coast could remain clear this year given the economy’s fiscal tailwind.


Have a great week.

Frank & Mark



Source: Globe & Mail, BMO Capital Markets, Bank of Canada

Canada:
Toronto’s S&P/TSX Composite Index finished the week virtually unchanged. But the materials and energy sectors, which together comprise almost one third of the index by weight, were hit hard by the fall in commodity prices. While prices are, in part, a direct reflection of the strong U.S. dollar, both the commodity prices and the dollar strength also reflect concerns about the growth outlook in China and the demand for raw materials. Copper and zinc prices dropped to their lowest level in more than a year, with copper now down more than 20 percent since June. Gold dropped to an 18-month low. Oil prices were further pressured by an unexpected build in U.S. crude inventories. West Texas Intermediate (WTI) oil traded down to a 10-week low. Defensive sectors, including staples, telecom, and real estate helped buoy the index.  Year-to-date, the TSX is up 0.7% and the benchmark 10-year yield was slightly lower ending the week to yield 2.27%.

U.S.:
Sector performance was similar in the S&P 500 with energy and materials posting losses, and defensive ‘bond proxy’ sectors – telecom, staples, real estate and utilities – gaining enough ground to lift the index overall. Strong economic and corporate profit data helped the U.S. benchmark to weather the global selloff. With second quarter reporting season almost over, earnings have come in about 27 percent higher than last year. Year-to-date, the S&P 500 is up 6.6%, the Dow Jones Industrials are up 3.8%, and the Nasdaq is up 13.2%. The yield on the 10 year Treasury closed at 2.87%.



Source: BMO Capital Markets 

The Good: Manufacturing Sales Volumes +0.7% (June); Existing Home Sales +1.9% (July); Average Home Prices +1.0% y/y (July); ADP Employment +11,600 (July) and prior month revised much higher; Global Investors bought a net $11.5 bln of Canadian securities (June).

The Bad: Consumer Prices +3.0% y/y (July)—fastest pace since Sep. ’11; but core measures more stable; 
Manufacturing New Orders -1.8% (June); New Motor Vehicle Sales -1.3% y/y (June).
 

The Good: Retail Sales +0.5% (July); Productivity +2.9% a.r. (Q2 P)—and Unit Labor Costs -0.9% a.r.; Capacity Utilization steady at 78.1% (July); Building Permits +1.5% to 1.311 mln a.r. (July); Empire State Manufacturing Survey +1.4 pts to
an ISM-adjusted 56.6 (Aug.); NFIB Small Business Optimism Index +0.7 pts to 107.9 (July); Leading Indicator +0.6% (July).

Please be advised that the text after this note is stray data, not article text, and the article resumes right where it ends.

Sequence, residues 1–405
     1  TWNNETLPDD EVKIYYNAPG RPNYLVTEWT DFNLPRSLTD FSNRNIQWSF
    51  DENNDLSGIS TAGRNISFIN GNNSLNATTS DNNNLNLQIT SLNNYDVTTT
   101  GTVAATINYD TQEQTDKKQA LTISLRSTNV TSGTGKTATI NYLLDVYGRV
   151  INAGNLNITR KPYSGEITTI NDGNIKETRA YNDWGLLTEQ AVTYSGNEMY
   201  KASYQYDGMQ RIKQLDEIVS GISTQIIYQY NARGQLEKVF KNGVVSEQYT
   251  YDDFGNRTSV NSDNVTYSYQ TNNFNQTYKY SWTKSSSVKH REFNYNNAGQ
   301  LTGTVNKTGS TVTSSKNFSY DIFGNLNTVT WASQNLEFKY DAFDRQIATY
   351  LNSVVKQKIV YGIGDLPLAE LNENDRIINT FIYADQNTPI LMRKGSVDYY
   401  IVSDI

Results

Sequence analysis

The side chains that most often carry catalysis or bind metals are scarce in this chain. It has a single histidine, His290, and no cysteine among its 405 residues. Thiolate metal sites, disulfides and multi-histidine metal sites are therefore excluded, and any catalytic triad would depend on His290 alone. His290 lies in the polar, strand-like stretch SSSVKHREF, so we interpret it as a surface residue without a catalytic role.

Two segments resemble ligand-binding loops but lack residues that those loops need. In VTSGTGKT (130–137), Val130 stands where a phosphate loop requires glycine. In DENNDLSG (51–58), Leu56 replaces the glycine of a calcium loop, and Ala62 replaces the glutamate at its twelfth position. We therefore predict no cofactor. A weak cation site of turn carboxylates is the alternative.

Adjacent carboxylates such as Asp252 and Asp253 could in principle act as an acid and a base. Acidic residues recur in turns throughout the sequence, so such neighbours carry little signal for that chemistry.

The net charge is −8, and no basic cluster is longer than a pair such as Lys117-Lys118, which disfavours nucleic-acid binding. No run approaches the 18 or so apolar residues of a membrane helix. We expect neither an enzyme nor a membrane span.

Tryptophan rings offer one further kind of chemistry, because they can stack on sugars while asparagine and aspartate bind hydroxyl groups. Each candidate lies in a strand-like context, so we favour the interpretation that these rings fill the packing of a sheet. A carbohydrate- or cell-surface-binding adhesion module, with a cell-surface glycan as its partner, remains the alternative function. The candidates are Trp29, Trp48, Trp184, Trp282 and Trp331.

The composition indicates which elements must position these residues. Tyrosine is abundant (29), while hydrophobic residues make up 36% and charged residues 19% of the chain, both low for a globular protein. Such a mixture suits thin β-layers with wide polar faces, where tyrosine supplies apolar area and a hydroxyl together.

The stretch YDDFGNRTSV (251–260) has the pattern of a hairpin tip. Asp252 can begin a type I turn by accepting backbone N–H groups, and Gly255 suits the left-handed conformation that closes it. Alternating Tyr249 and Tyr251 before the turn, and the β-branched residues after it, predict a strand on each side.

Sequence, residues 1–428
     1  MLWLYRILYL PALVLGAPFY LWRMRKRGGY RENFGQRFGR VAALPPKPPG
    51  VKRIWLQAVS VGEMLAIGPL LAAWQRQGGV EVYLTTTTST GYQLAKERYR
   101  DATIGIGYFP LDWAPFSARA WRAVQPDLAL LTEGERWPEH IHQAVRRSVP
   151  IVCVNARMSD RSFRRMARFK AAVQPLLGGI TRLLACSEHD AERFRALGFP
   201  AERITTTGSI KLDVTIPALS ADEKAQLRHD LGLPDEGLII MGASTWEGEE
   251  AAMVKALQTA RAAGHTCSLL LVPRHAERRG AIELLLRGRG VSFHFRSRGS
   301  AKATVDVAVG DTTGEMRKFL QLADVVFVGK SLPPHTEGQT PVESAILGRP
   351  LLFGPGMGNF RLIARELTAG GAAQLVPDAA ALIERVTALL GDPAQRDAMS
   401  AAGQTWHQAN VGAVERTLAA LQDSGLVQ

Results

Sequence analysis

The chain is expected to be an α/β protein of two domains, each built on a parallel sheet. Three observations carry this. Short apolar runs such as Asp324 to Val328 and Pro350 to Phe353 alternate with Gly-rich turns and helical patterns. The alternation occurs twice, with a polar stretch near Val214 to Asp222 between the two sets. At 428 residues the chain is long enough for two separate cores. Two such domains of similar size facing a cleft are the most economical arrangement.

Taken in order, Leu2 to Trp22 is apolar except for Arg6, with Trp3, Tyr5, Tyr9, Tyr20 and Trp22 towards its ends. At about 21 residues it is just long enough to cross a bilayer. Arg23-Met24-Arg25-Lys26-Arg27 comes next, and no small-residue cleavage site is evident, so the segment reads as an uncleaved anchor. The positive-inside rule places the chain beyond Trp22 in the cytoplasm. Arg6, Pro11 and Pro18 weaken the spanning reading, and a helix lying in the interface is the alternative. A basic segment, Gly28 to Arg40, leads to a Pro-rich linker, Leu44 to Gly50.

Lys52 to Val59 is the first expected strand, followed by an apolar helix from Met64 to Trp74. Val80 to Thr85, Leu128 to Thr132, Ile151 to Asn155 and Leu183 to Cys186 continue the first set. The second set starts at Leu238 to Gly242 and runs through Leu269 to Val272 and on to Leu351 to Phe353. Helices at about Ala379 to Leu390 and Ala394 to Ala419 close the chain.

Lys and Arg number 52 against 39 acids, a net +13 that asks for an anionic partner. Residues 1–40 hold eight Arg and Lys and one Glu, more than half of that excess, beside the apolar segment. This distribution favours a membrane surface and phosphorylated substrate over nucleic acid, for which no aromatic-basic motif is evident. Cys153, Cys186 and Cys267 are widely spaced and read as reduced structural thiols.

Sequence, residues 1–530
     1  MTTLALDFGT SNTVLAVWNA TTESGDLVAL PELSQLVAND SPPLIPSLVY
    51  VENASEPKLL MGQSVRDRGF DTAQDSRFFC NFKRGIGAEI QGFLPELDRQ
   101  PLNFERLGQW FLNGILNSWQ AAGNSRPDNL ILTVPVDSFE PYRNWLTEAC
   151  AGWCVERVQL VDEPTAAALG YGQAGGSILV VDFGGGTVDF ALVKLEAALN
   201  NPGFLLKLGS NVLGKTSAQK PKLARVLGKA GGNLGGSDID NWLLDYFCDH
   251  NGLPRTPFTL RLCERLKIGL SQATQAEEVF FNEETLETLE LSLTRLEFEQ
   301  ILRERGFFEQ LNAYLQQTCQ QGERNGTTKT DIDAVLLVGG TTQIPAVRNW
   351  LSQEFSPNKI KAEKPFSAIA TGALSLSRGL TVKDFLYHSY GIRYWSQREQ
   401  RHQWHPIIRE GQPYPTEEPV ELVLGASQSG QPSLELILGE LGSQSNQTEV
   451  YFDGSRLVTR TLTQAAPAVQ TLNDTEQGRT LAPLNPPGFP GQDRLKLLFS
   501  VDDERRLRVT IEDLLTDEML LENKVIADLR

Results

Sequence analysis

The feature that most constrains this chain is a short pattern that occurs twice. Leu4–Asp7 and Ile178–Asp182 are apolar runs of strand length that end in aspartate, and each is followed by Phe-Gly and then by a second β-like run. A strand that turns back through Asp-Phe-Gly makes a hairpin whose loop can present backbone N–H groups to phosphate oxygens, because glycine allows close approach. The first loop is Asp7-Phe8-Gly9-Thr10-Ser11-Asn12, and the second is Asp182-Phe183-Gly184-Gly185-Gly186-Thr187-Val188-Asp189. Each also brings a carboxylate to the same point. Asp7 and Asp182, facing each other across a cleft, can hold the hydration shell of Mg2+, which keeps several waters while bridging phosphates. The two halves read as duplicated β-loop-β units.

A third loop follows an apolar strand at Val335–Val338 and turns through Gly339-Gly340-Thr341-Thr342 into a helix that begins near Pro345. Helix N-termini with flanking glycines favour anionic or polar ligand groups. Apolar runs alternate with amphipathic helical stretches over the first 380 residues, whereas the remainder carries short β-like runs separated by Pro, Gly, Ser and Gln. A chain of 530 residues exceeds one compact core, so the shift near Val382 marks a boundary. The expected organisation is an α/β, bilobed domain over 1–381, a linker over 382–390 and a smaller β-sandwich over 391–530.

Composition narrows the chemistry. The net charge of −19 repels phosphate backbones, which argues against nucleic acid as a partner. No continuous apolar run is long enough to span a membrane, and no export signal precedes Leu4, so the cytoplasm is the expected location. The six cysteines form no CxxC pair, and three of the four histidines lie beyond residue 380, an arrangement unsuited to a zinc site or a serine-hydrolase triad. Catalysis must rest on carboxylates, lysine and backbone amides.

The Bad: Industrial Production +0.1% (July)—below expected but manufacturing production +0.3%; Housing Starts +0.9% to 1.168 mln a.r. (July)—well below expected; NAHB Housing Market Index -1 pt to 67 (Aug.); Philly Fed Index -3.0 pts to an ISM-adjusted 55.6 (Aug.)—but still high; U of M Consumer Sentiment Index -2.6 pts to 95.3 (Aug. P); Global Investors sold a net $48.6 bln of U.S. securities (June).


Weird News

Baby boom hits Arizona hospital with 16 pregnant ICU nurses

Source: cnews.canoe.com

 

MESA, Ariz. — A baby boom is brewing at a suburban Arizona hospital where 16 intensive care nurses recently discovered they are all pregnant.


The nurses at Banner Desert Medical Center in Mesa outside Phoenix joked Friday they thought there was something in the water when it became clear they were all expecting babies between October and January.


Nurse Rochelle Sherman, nearly eight months along, said: “I don’t think we realized just how many of us were pregnant until we started a Facebook group.”


Nurse Jolene Garrow joked, “We all formulated this plan to have the holidays off!”


Garrow said that as their pregnancies have progressed, the patients have begun noticing that most of the nurses around them are expecting. One patient insisted on touching her belly the night before, she said.


Garrow added that their non-pregnant colleagues have been great at helping with patients they should not be exposed to because of conditions or treatments that are potentially dangerous for expectant women, such as tuberculosis or shingles or chemotherapy because of the radiation.


But Ashley Adkins worried that the other nurses are getting tired of their pregnancy-focused conversations.


“They just roll their eyes!” she laughed. “More baby talk!”


Hospital officials noted that the Banner medical centre chain has a pool of floating nurses that should ensure shifts are covered when their ICU nursing specialists begin taking their 12-week maternity leaves starting in the fall.


The nurses said their colleagues are throwing a group baby shower next week.


The hospital on Friday gave the women one-piece rompers reading, “Relax! My mom is a Banner nurse!”